In the wake of Ferrari’s impressive performance at the Italian Grand Prix, where they outpaced Aston Martin to secure the coveted third position in the constructors’ championship, team chief Fred Vasseur eagerly anticipates the upcoming Singapore Grand Prix at the Marina Bay Street Circuit. The SF-23 cars have shown promise at this track, and Ferrari aims to not only widen the gap behind them but also close in on Mercedes, currently in second place.
However, the impending Singapore Grand Prix isn’t just about racing; it also marks the introduction of a crucial rule change. The FIA, Formula 1’s governing body, has unveiled a new technical directive, TD018, aimed at addressing potential aerodynamic loopholes. Within the F1 community, whispers have hinted at certain teams pushing the boundaries of flexibility rules concerning their car’s front and rear wings, all in the pursuit of a competitive edge. This strategic bending of the rules could result in enhanced downforce and reduced drag at high speeds.
At the heart of this controversy lies Article 3.2.2 of the Technical Regulations, which unequivocally states that components affecting aerodynamic performance must be “rigidly secured and immobile with respect to their frame of reference.” In an effort to ensure complete transparency and compliance, teams are now obligated to furnish the FIA with detailed assembly drawings and cross-sections. These documents shed light on how wing elements are affixed to crucial parts of the car, such as the nose, rear-wing endplates, and pylons.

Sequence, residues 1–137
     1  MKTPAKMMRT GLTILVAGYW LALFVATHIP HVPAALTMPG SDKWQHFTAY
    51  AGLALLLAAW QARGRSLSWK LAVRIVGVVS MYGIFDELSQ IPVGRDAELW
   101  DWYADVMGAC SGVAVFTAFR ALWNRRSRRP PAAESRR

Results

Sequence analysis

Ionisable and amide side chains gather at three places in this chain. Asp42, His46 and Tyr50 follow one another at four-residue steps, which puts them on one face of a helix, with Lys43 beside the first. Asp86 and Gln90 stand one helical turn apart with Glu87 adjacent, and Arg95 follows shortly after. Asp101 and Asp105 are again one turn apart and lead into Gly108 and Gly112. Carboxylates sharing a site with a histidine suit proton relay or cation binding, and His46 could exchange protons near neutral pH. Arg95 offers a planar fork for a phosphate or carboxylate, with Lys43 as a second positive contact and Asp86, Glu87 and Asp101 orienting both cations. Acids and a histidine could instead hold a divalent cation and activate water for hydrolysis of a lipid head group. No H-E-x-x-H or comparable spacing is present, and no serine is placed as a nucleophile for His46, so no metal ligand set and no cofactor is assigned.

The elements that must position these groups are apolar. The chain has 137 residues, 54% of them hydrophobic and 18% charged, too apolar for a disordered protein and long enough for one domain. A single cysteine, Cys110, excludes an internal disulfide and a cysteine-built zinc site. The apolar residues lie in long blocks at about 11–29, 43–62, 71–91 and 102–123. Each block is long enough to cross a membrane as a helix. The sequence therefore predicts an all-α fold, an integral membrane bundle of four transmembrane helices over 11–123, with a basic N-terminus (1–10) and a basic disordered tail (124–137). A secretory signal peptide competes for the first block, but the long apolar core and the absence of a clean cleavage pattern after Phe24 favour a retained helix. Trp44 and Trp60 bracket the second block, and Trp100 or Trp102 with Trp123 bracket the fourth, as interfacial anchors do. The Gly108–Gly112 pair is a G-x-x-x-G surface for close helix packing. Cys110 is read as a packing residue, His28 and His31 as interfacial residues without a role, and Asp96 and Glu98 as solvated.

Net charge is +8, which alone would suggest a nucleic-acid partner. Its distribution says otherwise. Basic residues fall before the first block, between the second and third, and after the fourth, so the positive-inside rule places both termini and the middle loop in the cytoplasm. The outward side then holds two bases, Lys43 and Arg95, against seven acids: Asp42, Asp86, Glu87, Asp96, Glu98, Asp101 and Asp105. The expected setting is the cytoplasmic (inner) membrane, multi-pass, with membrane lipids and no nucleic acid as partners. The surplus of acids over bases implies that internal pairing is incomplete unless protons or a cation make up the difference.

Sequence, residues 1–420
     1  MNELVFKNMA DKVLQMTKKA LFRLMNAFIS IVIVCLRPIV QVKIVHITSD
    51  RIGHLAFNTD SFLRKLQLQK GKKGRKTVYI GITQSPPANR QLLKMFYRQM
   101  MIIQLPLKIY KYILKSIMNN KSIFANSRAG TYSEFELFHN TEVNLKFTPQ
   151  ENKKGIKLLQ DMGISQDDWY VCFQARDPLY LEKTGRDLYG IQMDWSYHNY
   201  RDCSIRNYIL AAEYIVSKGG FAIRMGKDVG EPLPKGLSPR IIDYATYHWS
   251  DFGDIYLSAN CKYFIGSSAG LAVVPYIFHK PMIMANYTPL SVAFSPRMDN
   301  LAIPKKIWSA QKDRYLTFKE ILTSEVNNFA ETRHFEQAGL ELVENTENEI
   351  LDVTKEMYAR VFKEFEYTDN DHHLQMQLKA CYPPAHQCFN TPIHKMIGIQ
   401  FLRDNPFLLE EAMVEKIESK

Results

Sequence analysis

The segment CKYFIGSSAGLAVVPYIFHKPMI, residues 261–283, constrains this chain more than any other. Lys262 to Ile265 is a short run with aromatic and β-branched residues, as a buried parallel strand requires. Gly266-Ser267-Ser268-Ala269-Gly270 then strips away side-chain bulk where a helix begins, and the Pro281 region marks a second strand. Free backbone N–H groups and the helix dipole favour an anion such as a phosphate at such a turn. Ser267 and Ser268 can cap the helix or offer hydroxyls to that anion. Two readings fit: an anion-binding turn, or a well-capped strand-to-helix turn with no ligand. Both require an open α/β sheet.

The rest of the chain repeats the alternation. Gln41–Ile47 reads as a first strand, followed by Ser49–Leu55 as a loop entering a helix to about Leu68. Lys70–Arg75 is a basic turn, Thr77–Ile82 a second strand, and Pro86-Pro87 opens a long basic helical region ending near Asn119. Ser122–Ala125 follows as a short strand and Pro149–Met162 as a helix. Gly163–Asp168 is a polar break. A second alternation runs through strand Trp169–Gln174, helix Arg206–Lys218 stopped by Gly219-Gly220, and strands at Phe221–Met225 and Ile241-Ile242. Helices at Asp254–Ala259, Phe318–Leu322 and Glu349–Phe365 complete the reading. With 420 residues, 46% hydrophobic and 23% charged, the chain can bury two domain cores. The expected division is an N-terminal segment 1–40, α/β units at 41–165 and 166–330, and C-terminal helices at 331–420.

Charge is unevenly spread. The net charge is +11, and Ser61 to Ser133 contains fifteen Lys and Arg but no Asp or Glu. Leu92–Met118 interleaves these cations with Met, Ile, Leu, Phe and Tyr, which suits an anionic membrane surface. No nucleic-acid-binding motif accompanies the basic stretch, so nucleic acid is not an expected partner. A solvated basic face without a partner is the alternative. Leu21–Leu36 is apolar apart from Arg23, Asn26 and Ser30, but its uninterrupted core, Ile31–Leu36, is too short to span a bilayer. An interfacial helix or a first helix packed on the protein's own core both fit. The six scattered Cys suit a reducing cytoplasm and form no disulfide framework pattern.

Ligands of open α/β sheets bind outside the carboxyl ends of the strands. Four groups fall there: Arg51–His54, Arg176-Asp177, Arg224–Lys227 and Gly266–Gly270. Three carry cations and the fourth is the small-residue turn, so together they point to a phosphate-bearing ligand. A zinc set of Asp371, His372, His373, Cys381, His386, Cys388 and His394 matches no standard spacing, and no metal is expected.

During a recent media interaction, Fred Vasseur expressed his support for the FIA’s decision to introduce this clarification. He emphasized the importance of maintaining a level playing field in Formula 1 and ensuring that all teams adhere to the same set of regulations. Vasseur’s endorsement of the rule change underlines Ferrari’s commitment to fair competition and the pursuit of excellence.
As the Singapore Grand Prix draws near, the Formula 1 community eagerly awaits the impact of TD018 on the teams’ aerodynamic strategies. Fred Vasseur’s endorsement serves as a testament to the sport’s ongoing quest for innovation within the boundaries of fairness and adherence to regulations.
“By definition, a TD is a clarification of the regulation.
“It means that there was already a regulation in place.
“And we have to trust the FIA that if they consider that they have to do the TD it’s probably that the regulation was not clear enough and we trust the FIA in this direction to do that.”